Technology Issues - Knowledge Management and Continuity

Be aware that information critical to the operation of your practice resides not only in files, but also in your head and in the minds of staff. Create checklists for all aspects of your practice so that the loss of an employee or your absence, for any reason, does not, by itself, stop your firm from operating. Further, checklists aid in consistency in the work product regardless of which staff member handles the tasks.

Ensure your policies and procedures address catastrophic loss and continuity in your absence or the absence of staff, in a readily accessible manual. Consider how you would access your passwords for all computers, systems and accounts, and keep this in a safe place and updated regularly. New staff should be asked to read the manual and all staff should be advised when the manual has been updated so that they can make themselves familiar with new policies and procedures. Staff should sign off on new policies and periodically acknowledge their familiarity with all policies and procedures.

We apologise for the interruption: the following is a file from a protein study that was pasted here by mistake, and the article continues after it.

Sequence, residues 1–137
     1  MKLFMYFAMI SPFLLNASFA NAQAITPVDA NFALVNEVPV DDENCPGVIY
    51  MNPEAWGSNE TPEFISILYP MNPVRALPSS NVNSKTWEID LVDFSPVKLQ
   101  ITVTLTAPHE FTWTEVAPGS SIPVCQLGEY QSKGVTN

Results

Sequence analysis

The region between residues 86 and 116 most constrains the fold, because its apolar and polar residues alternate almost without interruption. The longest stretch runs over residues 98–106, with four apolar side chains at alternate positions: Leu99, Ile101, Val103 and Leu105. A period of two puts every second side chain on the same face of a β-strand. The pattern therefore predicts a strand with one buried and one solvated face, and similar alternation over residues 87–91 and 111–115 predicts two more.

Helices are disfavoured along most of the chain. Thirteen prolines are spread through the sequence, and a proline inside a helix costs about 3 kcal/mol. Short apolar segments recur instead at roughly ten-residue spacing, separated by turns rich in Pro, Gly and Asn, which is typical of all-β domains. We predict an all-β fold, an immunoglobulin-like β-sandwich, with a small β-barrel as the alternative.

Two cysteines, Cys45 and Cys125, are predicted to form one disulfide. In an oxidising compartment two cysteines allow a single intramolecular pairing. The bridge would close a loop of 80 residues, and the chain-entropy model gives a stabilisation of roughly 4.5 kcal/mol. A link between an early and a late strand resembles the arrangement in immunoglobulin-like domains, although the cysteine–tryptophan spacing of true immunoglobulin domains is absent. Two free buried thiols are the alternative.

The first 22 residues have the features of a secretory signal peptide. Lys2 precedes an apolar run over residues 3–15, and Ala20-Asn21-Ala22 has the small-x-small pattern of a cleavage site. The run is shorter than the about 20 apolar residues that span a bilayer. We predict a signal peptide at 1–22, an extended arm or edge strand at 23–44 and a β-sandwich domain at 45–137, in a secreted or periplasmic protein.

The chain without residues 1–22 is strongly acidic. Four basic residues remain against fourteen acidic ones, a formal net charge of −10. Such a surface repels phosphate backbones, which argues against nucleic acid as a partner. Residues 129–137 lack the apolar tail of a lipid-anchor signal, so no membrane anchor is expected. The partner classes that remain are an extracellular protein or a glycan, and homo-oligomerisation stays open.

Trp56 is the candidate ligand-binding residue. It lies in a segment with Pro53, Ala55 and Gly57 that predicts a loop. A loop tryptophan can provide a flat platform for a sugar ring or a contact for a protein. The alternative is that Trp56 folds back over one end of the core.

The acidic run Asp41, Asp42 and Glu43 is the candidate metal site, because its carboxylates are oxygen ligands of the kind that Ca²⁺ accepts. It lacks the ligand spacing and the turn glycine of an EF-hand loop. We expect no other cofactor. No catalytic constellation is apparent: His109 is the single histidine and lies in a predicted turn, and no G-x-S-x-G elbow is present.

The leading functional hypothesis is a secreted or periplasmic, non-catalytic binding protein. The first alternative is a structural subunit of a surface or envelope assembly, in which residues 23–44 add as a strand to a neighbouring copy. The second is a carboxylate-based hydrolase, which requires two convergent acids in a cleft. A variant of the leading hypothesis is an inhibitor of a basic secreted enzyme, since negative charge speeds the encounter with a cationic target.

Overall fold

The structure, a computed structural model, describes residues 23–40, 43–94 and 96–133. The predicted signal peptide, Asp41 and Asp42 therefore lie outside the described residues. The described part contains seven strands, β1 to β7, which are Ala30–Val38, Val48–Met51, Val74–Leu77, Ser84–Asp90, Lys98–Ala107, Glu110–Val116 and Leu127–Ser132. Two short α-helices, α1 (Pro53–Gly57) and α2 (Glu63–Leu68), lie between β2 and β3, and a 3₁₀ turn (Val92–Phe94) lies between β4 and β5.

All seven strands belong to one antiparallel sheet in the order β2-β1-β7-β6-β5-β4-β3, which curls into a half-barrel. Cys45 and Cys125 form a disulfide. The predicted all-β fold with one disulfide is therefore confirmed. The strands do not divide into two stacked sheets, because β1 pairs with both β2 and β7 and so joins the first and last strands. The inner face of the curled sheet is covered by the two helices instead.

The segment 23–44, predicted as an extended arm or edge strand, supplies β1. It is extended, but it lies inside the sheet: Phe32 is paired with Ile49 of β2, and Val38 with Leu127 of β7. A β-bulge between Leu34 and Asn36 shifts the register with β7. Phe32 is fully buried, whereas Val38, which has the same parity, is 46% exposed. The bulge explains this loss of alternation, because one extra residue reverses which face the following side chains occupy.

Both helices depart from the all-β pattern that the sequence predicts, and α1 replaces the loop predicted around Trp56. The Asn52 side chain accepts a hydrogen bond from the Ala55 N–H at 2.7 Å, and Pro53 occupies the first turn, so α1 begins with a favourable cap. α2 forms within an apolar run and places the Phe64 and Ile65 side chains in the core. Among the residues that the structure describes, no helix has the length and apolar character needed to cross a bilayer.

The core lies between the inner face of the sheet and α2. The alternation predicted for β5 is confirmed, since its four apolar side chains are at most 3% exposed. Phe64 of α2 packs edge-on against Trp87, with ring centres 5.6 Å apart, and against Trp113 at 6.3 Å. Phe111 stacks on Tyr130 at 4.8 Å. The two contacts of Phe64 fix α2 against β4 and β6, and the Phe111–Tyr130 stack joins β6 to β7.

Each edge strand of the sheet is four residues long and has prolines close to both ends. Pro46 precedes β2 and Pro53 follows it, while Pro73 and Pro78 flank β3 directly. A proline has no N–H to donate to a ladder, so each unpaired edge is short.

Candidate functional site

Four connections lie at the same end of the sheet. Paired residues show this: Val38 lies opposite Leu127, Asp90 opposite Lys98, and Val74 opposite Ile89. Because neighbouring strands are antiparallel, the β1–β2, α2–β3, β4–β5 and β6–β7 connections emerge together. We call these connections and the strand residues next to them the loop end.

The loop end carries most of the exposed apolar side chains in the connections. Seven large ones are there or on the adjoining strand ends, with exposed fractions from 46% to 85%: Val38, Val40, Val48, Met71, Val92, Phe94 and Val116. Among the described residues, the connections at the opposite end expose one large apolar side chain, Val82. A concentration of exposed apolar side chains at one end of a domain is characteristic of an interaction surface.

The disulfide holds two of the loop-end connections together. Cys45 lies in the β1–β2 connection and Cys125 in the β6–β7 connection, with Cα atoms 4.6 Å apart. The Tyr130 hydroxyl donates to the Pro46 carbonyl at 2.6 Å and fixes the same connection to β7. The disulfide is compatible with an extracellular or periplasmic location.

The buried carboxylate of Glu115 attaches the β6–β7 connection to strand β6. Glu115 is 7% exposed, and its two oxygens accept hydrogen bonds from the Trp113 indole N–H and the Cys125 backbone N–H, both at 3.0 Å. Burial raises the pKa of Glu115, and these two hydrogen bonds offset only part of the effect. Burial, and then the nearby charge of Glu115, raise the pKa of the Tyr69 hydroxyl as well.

If you are a sole practitioner, it may not be sufficient to rely on a policy manual--a manual would not note particular deadlines in a given file. As such, it is important to have orderly files and bring forward limitation dates so that anyone who is asked to step in and monitor your practice (or anyone who must do so in the event of an emergency) knows what has been done on the file and what is to be done next. Use of multiple calendars for important dates will minimize the risk of missing a deadline if something happens to one copy of your calendar. To be effective, this requires using a diligent entry protocol so the calendars contain identical information. Use of computerized “bring forward” systems is crucial to ensure deadlines are not missed on files. But you also need to ensure that staff are acting on the matters brought forward and that you, as the lawyer, are responding to these matters.

Last modified: Monday, 21 August 2023, 10:47 AM